What Killed Grammar Instruction
In the classrooms and offices of the modern world, we are putting out ever more information in ever shorter time spans. Grammar attends to those nuances of writing that go beyond basic information to eloquent communication; teachers and students have not had time for in-depth study of the writing craft.
2.The belief that the way to become a better writer is to read more.
There is a misconception that prolific reading leads to good writing. Certainly more reading can make you more familiar with and a better mimic of language, but it cannot teach you how to craft language to a desired effect.
3. The belief that teaching the process of writing is more important than the craft of writing.
If you ask any high school student what process they should use to write an essay, he or she will respond with something along the lines of brainstorm, organize, pre-write, draft, revise, and edit. However if you ask the same student what the purpose is of a participial phrase, he or she will be hard-pressed to give an answer. Teachers have focused instruction on the process of writing rather than teaching the more difficult and subjective craft of writing.
4. The grammar-elite browbeat the grammar-uninitiated with smug corrections.
Grammar gurus seem to focus on the most irrelevant points of usage and mechanics as if all meaningful communication is destroyed if the pronoun, each, is matched with the plural form. Focusing on these issues rather than the application of grammar to improve writing simply discourages students and teachers from serious study of the language.
5. Grammar textbooks are written to reside on a shelf not to be studied by writers.
Grammar textbooks are organized around the structure of word groups with the goal being to identify the structure. Conversely, a writer must know how the structure can be used. For example, a writer’s textbook would include all the words, phrases, and clauses that can be used as adjectives in one chapter. Aside from their organization, grammar texts have the added problem of devoting the bulk of their chapters to matters of usage and mechanics rather than grammar which leads to them being referred to only as a last resort in the face of persistent red-ink or squiggly underlines.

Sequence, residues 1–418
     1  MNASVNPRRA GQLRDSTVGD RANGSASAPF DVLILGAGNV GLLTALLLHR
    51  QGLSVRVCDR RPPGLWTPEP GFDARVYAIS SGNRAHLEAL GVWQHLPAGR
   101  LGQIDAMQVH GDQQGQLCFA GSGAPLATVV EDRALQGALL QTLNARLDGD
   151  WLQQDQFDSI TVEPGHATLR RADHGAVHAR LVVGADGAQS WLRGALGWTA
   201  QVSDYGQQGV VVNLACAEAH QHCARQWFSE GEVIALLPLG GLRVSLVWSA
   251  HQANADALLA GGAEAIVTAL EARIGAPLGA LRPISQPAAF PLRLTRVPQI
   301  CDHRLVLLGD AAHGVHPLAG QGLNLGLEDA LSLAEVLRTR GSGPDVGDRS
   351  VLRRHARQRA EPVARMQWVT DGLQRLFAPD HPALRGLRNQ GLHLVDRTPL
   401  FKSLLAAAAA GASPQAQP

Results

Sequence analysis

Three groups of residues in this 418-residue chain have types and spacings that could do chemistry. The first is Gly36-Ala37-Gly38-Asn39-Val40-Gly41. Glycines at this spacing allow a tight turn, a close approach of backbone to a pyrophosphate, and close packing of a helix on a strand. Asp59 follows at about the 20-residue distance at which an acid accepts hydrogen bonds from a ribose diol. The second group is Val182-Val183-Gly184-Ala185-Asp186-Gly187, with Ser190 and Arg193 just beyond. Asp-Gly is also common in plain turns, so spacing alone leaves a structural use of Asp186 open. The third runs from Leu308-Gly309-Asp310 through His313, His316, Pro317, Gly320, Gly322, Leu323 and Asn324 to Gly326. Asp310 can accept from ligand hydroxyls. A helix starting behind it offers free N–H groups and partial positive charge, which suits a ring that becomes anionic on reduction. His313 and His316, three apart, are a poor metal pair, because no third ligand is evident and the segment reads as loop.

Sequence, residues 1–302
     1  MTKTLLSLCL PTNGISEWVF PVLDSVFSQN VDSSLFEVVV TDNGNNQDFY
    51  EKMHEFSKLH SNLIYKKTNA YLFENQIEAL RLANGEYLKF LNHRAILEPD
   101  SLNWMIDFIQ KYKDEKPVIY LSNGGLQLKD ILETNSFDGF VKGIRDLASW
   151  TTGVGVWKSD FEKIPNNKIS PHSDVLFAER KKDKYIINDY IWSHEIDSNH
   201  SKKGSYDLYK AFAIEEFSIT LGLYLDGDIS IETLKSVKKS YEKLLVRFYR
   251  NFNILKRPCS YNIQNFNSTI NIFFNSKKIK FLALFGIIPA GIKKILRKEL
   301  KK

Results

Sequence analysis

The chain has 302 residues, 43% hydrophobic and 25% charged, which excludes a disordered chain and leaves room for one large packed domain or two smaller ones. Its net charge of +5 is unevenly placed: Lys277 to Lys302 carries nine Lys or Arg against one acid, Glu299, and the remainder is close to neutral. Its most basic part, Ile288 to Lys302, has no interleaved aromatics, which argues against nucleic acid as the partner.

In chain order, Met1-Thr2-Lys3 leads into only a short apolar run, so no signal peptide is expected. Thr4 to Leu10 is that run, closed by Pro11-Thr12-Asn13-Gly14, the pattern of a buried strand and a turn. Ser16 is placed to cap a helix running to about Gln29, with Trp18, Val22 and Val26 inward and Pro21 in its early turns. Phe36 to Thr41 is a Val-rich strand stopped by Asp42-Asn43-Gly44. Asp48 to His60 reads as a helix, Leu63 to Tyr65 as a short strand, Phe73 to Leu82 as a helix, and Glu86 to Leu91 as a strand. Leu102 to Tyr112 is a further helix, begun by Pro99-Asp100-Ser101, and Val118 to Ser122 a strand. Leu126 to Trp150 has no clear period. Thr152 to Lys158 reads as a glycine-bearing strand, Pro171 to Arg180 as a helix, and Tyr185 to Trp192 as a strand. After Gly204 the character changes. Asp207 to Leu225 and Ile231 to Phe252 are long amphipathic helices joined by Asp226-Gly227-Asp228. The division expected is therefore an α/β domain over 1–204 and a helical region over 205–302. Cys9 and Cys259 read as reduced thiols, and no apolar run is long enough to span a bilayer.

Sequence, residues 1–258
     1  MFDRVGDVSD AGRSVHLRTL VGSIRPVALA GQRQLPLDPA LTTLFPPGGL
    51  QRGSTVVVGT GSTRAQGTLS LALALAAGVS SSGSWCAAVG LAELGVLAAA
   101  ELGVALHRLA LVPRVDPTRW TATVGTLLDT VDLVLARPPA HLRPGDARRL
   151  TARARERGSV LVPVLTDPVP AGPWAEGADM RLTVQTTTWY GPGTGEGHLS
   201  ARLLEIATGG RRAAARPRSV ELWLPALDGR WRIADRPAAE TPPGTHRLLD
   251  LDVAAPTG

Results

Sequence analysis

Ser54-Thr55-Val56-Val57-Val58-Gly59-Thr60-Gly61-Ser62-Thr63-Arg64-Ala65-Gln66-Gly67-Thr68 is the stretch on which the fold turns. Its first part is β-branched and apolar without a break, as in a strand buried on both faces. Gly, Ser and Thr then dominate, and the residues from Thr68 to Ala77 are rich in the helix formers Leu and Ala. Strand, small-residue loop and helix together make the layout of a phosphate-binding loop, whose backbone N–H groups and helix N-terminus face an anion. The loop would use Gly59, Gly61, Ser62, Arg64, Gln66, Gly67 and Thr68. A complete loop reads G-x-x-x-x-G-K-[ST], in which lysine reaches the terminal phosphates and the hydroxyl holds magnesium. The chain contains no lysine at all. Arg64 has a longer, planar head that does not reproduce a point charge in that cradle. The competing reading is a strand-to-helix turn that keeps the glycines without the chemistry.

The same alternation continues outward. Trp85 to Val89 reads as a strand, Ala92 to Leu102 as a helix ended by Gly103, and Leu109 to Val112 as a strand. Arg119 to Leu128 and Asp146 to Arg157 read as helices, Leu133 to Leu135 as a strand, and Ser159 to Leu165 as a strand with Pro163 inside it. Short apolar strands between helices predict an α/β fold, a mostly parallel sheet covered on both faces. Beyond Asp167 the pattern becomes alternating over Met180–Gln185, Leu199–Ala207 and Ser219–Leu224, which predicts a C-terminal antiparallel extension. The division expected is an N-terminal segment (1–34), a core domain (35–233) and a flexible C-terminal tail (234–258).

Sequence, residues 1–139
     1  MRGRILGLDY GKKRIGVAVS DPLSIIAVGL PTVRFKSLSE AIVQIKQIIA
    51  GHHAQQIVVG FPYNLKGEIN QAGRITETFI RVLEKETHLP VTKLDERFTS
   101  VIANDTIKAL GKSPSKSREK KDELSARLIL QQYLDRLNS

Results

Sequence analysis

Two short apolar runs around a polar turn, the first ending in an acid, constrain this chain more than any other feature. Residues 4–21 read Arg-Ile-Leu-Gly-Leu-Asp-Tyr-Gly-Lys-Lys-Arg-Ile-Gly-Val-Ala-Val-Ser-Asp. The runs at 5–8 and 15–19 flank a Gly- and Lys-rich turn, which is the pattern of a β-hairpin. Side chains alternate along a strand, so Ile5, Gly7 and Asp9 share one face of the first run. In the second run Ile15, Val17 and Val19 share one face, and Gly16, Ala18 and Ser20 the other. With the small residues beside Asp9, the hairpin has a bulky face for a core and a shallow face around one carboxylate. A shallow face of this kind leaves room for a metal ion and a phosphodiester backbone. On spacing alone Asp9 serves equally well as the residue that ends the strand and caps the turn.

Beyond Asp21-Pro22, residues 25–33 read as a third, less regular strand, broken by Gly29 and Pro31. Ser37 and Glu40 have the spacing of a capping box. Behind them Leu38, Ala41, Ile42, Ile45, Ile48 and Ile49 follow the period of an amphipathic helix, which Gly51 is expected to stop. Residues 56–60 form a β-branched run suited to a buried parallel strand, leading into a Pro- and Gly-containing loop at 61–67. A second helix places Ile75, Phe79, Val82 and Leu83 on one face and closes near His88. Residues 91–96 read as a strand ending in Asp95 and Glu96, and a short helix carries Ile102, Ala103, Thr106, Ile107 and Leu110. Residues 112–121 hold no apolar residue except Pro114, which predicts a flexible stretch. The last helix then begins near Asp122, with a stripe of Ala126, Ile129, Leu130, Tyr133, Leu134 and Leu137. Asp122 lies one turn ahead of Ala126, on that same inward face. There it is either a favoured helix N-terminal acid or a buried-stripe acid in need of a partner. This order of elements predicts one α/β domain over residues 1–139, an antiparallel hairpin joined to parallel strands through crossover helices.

6. The belief that modern technology makes language education obsolete.
The advent of word processing with spell check and grammar check has led people to believe that once writing is free of noticeable errors it is good. There is no denying the usefulness of these tools to keep us from making errors in our writing, but they cannot suggest how to transform ideas into sentences that flow well. Another common belief about technology is that written communication is becoming outmoded and will be replaced entirely by audio/visual media. While there is no question that technology has made it very easy to combine writing in a multimedia format, complex ideas are still most effectively and efficiently communicated through writing.
Grammar instruction will return when teachers and students see the value in teaching and learning the craft of writing. Specifically, that means that good writing will be as important as correct writing. That means that grammar education will not be taught from the lofty perches of arcane rules but from the messy trenches of crafting words to convey thoughts. That means that grammar will be taught as a writer’s toolbox with function as its most important aspect. In summation, that means that the art and beauty of crafting words will return to instructio